The control information transfer section includes two sets of lines each for transferring control information unidirectionally between one of the units and the other. The sets of lines are antiparallel, that is, one set transfers control information from one unit to the second unit, and the other set transfers control information from the second unit to the first. Each set of lines has an associated synchronization signal which, when asserted, indicates to the receiving device that the state of the signals on the associated control information transfer lines has changed. A unit receiving the control information signals and the synchronization signal may use the strobing signal to initiate latching of the control information signals, or it may alternatively ignore the synchronization signal and continuously monitor the control information lines and use the signals transferred thereover as indications of the status of the transmitting unit.
The synchronizing signal/acknowledgement signal protocol of the user information transfer section allows the transmitting and receiving units to stall, or temporarily stop, transferring user information while a transfer operation is in progress, without a transfer error being processed. The protocol of the control information transfer section permits the flexible use of the control information transfer lines.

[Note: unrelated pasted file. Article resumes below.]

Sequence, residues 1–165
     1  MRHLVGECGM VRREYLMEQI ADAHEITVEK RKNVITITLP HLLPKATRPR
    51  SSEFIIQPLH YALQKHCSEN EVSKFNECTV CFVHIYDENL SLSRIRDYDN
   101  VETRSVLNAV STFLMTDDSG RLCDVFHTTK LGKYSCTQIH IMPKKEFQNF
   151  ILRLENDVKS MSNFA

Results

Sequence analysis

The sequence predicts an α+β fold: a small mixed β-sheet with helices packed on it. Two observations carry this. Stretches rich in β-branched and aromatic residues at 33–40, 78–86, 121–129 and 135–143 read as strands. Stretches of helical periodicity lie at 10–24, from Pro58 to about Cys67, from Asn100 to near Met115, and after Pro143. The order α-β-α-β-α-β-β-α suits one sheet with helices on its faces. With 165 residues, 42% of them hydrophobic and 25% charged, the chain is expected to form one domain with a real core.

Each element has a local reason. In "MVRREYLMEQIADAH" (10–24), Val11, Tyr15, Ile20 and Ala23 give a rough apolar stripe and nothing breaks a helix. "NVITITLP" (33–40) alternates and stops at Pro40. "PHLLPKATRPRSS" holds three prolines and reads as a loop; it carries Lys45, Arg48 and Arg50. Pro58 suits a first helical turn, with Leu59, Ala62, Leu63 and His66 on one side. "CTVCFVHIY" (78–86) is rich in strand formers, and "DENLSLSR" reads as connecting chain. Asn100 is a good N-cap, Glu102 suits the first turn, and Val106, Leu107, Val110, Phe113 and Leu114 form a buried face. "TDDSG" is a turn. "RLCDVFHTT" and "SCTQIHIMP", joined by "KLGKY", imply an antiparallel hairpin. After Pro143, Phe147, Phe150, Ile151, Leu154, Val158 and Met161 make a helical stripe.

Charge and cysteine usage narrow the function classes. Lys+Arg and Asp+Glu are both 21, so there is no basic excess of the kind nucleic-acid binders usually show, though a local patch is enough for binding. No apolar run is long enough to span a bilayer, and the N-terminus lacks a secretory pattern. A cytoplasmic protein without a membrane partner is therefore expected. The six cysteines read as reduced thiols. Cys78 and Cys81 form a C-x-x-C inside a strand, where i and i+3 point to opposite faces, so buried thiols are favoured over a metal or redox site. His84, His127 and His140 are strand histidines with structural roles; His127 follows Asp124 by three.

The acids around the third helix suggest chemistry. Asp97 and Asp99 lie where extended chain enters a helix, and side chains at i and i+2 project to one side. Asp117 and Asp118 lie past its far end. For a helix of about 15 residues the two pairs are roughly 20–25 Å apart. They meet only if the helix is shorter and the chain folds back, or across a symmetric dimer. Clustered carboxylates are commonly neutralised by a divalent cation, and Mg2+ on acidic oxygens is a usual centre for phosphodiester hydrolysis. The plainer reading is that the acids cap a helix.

This invention is pointed out with particularity in the appended claims. The above and further advantages of this invention may be better understood by referring to the following description taken in conjunction with the accompanying drawings, in which:
FIG. 1 is a block diagram of a digital data processing system including a new interconnect unit constructed in accordance with the invention;
FIG. 2 is a block diagram of the interconnect unit depicted in FIG. 1;
FIG. 3 is a detailed diagram of the point-to-point interconnect for transferring information between the interconnect unit depicted in FIG. 2 and an external device;